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Suppose if we have a varying electric field $\vec{E}$ and magnetic field $\vec{B}$ that are independent and acting on particular area such that ${\rm curl}\,\vec{E}\neq 0$. Then can we write, by Maxwell's equation, $$\nabla \times \vec{E}=-\frac{\partial\vec{B}}{\partial t}$$ I.e., if we apply a constant magnetic field to an area where an electric field varying with position acts, does the magnetic field starts to evolve in time?

So in simple terms I would like to know whether the Maxwell's equations are applicable to any arbitrary electric field and magnetic field or is it only applicable in case of electromagnetic field.

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  • $\begingroup$ What do you mean when you say that the fields are independent while you at the same time state an equation that relates them? $\endgroup$ – gspr Dec 22 '20 at 15:45
  • $\begingroup$ I am asking whether can we relate independent electric field and magnetic field acting at same place by Maxwell's equation? Independent in the sense that, suppose electric field and magnetic field originate from separate source. $\endgroup$ – walber97 Dec 22 '20 at 15:48
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    $\begingroup$ You're not getting it. There is no such thing as "independent" electric and magnetic fields. The electric and magnetic fields at a point originate from all sources that are causally connected with a point in space. $\endgroup$ – ProfRob Dec 22 '20 at 16:20
  • $\begingroup$ Thanks. I got it almost. $\endgroup$ – walber97 Dec 23 '20 at 5:57
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The equation you cite, which is Faraday's Law, always holds. In fact the four complete Maxwell's equations, which are (in SI units) $$\vec{\nabla}\cdot\vec{E}=\frac{\rho}{\epsilon_{0}}\\ \vec{\nabla}\cdot\vec{E}=0\\ \vec{\nabla}\times\vec{E}=-\frac{\partial\vec{B}}{\partial t}\\ \vec{\nabla}\cdot\vec{B}=\mu_{0}\vec{J}+\epsilon_{0}\mu_{0}\frac{\partial\vec{E}}{\partial t}$$ all always hold. Together with the Lorentz Force Law, they describe all the physics of charged particles.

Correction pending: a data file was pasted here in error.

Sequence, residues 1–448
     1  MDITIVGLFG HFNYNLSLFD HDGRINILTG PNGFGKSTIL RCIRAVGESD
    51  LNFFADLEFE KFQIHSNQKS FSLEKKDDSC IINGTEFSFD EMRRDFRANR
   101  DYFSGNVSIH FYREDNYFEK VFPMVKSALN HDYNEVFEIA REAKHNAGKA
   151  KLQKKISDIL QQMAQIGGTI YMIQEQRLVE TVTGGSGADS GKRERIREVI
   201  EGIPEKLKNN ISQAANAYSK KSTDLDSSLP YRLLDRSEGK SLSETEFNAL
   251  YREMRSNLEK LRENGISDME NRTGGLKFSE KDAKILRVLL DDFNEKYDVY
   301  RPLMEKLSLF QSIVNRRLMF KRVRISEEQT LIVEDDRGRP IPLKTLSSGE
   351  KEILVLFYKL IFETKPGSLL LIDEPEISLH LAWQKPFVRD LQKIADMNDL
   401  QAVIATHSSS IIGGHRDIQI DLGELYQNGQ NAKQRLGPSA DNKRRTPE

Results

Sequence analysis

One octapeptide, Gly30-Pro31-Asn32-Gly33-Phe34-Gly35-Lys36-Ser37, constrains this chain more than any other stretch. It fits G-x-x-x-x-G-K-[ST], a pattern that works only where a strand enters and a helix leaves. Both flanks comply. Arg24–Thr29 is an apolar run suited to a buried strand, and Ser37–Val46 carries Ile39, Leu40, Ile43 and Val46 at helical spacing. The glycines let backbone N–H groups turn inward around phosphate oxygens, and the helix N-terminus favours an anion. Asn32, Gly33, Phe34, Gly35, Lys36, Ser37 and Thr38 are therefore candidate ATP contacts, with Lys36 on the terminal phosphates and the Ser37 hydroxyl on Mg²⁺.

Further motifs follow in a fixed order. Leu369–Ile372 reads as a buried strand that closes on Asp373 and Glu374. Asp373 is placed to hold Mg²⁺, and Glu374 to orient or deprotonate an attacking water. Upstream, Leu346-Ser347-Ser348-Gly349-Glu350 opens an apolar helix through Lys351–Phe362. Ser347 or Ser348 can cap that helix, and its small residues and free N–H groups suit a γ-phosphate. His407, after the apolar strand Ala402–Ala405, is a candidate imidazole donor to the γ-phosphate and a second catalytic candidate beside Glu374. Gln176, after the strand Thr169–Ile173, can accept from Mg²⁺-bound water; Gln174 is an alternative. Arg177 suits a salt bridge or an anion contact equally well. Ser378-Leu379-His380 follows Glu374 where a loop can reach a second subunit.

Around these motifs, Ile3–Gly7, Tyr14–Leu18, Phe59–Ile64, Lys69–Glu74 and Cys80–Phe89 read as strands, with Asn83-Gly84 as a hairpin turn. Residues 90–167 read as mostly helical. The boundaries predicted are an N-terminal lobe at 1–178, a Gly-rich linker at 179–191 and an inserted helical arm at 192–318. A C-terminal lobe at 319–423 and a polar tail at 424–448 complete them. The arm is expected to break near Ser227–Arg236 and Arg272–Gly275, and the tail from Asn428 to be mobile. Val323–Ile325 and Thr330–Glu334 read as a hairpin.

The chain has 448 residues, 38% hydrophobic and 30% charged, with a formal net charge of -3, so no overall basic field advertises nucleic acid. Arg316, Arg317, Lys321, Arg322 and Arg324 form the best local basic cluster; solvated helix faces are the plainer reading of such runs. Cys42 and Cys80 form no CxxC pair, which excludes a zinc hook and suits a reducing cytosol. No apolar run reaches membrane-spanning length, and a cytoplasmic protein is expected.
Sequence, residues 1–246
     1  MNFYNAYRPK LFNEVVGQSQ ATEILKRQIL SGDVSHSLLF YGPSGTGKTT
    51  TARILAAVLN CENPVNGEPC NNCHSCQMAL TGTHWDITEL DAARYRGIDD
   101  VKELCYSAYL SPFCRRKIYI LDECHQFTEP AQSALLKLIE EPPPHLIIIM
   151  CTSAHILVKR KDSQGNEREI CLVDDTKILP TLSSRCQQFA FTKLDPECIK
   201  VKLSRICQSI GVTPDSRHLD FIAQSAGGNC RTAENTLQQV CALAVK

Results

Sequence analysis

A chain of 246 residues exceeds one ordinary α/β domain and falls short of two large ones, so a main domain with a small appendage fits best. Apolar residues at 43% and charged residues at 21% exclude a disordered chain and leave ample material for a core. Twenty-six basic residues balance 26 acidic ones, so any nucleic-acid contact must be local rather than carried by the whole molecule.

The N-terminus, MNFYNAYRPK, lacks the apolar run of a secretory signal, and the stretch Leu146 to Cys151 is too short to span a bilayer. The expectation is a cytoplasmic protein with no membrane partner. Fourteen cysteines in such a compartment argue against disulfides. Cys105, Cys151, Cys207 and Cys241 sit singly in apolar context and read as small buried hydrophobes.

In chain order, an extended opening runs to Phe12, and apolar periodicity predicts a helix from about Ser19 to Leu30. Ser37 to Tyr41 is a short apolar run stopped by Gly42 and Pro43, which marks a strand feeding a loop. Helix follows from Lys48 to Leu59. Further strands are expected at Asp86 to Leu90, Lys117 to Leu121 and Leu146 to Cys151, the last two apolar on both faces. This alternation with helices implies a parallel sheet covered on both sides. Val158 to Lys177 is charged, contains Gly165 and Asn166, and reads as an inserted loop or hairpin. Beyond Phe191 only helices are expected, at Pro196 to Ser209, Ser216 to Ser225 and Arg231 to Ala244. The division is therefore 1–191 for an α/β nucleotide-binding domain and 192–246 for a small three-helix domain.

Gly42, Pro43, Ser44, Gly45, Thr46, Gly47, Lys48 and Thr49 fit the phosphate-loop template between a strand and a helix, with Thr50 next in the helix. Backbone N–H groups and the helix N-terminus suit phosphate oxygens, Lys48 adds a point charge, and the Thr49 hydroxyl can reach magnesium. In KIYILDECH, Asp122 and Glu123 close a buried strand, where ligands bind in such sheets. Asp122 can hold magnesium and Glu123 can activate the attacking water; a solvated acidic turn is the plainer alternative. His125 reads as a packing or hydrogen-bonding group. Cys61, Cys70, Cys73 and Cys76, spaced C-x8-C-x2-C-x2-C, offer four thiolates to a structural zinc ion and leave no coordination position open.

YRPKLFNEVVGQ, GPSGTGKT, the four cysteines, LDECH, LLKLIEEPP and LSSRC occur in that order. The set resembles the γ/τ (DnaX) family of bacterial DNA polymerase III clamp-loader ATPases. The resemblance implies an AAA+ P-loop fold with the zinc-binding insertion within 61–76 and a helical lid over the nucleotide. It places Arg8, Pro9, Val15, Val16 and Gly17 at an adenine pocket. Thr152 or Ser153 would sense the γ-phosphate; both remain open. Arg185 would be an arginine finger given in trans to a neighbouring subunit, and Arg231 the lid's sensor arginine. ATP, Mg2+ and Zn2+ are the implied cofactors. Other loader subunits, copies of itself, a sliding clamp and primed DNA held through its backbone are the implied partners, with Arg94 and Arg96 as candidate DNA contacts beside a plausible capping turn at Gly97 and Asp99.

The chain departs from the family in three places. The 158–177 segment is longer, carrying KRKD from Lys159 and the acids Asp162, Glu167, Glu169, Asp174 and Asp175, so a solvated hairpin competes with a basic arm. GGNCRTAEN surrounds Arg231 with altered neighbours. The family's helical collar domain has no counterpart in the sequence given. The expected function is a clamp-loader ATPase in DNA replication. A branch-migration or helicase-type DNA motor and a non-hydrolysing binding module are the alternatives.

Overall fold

However, your terminology seems a bit confused. The electric and magnetic fields together comprise the "electromagnetic field." Any $\vec{E}$ and $\vec{B}$ that together satisfy Maxwell's equations, are an electromagnetic field.

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  • $\begingroup$ Does that mean, if we have an electric field with negative curl at a point and we apply a magnetic field, then the magnetic field keep on increasing as time goes ? $\endgroup$ – walber97 Dec 22 '20 at 16:02
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There is no difference between "electromagnetic field" and "electric field and magnetic field". An electric field and a magnetic field are always just two components of an electromagnetic field, witch can be characterized by two vectors $\vec E$, $\vec B$. And electromagnetic field (= electric field + magnetic field) always obey the Maxwell equations.

However, there is indeed some context in which electric and magnetic fields are opposed to a single electromagnetic field. In the general case, when electromagnetic field changes rapidly enough, its electric and magnetic parts are strongly connected and it is impossible to consider them independently. And therefore they say that the electric and magnetic fields are two parts of a single electromagnetic field. But when the frequency of change of the field is small, then the connection between its two components — between the electric and magnetic fields — becomes weak, so that they can be considered as two independent fields.

The separation of the slowly changing electromagnetic field to (practically) independent electric and magnetic fields follows from the Maxwell equations.

Namely, if we take one pair of the Maxwell equations \begin{equation}\nabla\cdot\vec{E}= \rho / \epsilon_0 \\ \nabla\times\vec{E}= - \partial \vec B / \partial t \end{equation} and condition $\partial \vec B / \partial t \approx 0$, we get the following equations for an electric field alone: \begin{equation}\nabla\cdot\vec{E}= \rho / \epsilon_0 \\ \nabla\times\vec{E}=0 \end{equation}

Similarly, another Maxwell equations pair when $\partial \vec E / \partial t \approx 0$ becomes equations for a magnetic field alone.

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